Navigation Links
Built-in exercise monitor predicts fitness
Date:12/18/2007

We all hold the secret to getting fit, according to researchers from the University of Exeter. The research team has shown that we each have a built-in ability to judge how hard our bodies are working, often with remarkable precision.

A series of studies over the last two years, culminating in three academic papers in the past two months, has shown a consistently close correlation between actual and perceived exertion in people of all levels of fitness. The team has found that an individuals own sense of how hard he or she is working corresponds exactly with actual level of exertion, measured by heart-rate and oxygen uptake.

The experiments involved people being asked to exercise at various levels of intensity on a scale of six to 20, with six being completely inactive and 20 being on the verge of exhaustion. The amount of exertion was determined purely by the individual, who made a judgement on how hard to work based on his or her interpretation of the scale. The researchers simultaneously monitored the persons heart-rate and oxygen uptake, which are the most widely-used measures of physical exertion. In almost all cases the results matched exactly the levels that would be predicted for each specific number on the six to 20 scale. This demonstrates our ability to judge precisely how hard our bodies are working.

Professor Roger Eston, Head of the University of Exeters School of Sport and Health Sciences says: We have worked with over 300 individuals in the last two years and now have a body of evidence to show that we each have a highly accurate built-in exercise monitor. We have found that peoples sense of how hard they are working matches what fitness testing equipment tells us, in some cases to the heartbeat.

The research could lead to a more personalised approach to exercise, with personal trainers and gym instructors putting the onus on their clients to judge their own appropriate level of exercise intensity. Professor Eston continued: I would recommend exercising between 12 and 15 on the scale to achieve fitness benefits without over-straining. As an individual becomes fitter, he or she will be able to run, swim or cycle faster without increasing his or her perception of exertion, so what feels like a 15 will change.

This approach could help keen gym-users to hone their fitness and make their exercise regimes more effective, but the research team believes the main benefit could be on those who are new to exercise. Professor Eston explains: People are often nervous of going to gyms for the first time because they think they will be unable to perform the exercises that their instructor asks them to do. Taking this new approach, a gym instructor would ask a customer to exercise at a particular level of perceived exertion rather than, for example, requesting ten minutes running at 10km an hour.


'/>"/>

Contact: Sarah Hoyle
s.hoyle@exeter.ac.uk
01-392-262-062
University of Exeter
Source:Eurekalert

Related biology news :

1. Obesity and lack of exercise could enhance the risk of pancreatic cancer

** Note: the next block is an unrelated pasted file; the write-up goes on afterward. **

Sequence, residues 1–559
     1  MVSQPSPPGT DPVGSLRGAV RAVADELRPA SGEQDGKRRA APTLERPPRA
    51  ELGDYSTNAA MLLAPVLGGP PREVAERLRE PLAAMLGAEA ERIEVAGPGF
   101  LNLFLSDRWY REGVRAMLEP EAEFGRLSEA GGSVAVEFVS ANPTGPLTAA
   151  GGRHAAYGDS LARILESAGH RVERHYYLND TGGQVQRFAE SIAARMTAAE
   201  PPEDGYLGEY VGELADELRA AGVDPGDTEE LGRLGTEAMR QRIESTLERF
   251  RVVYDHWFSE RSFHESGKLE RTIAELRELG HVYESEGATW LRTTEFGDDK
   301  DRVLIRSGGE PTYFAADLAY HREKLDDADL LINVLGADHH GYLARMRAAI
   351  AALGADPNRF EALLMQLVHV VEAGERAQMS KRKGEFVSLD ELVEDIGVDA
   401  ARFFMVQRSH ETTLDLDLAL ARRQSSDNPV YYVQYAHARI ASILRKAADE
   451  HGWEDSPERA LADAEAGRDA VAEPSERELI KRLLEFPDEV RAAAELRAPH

2. Exercise improves thinking, reduces diabetes risk in overweight children
3. Canadian Society of Exercise Physiology Annual Scientific Conference
4. Newly-identified exercise gene could help with depression
5. Genes, Environment and Health Initiative invests in genetic studies, environmental monitoring
6. Mellon awards Carnegie Grant for Ecological Monitoring in South Africa
7. Woods Hole Research Center debuts new image mosaic that will strengthen global forest monitoring
8. Looking through the eyes of a mouse, scientists monitor circulating cells in its bloodstream
9. Cell response to stress signals predicts tumors in women with common pre-breast cancer
10. Severely restricted diet linked to physical fitness into old age
Post Your Comments:
*Name:
*Comment:
*Email:
(Date:4/4/2017)... 4, 2017   EyeLock LLC , a leader ... United States Patent and Trademark Office (USPTO) has issued ... linking of an iris image with a face image ... the company,s 45 th issued patent. ... timely given the multi-modal biometric capabilities that have recently ...
(Date:3/30/2017)... 30, 2017  On April 6-7, 2017, Sequencing.com will ... hackathon at Microsoft,s headquarters in ... focus on developing health and wellness apps that provide ... the Genome is the first hackathon for personal ... largest companies in the genomics, tech and health industries ...
(Date:3/30/2017)... , March 30, 2017 Trends, opportunities ... (physiological and behavioral), by technology (fingerprint, AFIS, iris recognition, ... recognition, and others), by end use industry (government and ... immigration, financial and banking, and others), and by region ... , Asia Pacific , and ...
Breaking Biology News(10 mins):
(Date:10/12/2017)... ... October 12, 2017 , ... ... Lithuania, announced today that they have entered into a multiyear collaboration to identify ... CRISPR researchers with additional tools for gene editing across all applications. , Under ...
(Date:10/12/2017)... ... October 12, 2017 , ... ... Market with the addition of its newest module, US Hemostats & Sealants. , ... thrombin hemostats, absorbable hemostats, fibrin sealants, synthetic sealants and biologic sealants used in ...
(Date:10/12/2017)... ... October 12, 2017 , ... ... Rosalindâ„¢, the first-ever genomics analysis platform specifically designed for life science researchers ... honor of pioneering researcher Rosalind Franklin, who made a major contribution to ...
(Date:10/11/2017)... YORBA LINDA, CA (PRWEB) , ... October 11, ... ... adapted to upregulate any gene in its endogenous context, enabling overexpression experiments and ... activation (CRISPRa) system with small RNA guides is transformative for performing systematic gain-of-function ...
Breaking Biology Technology: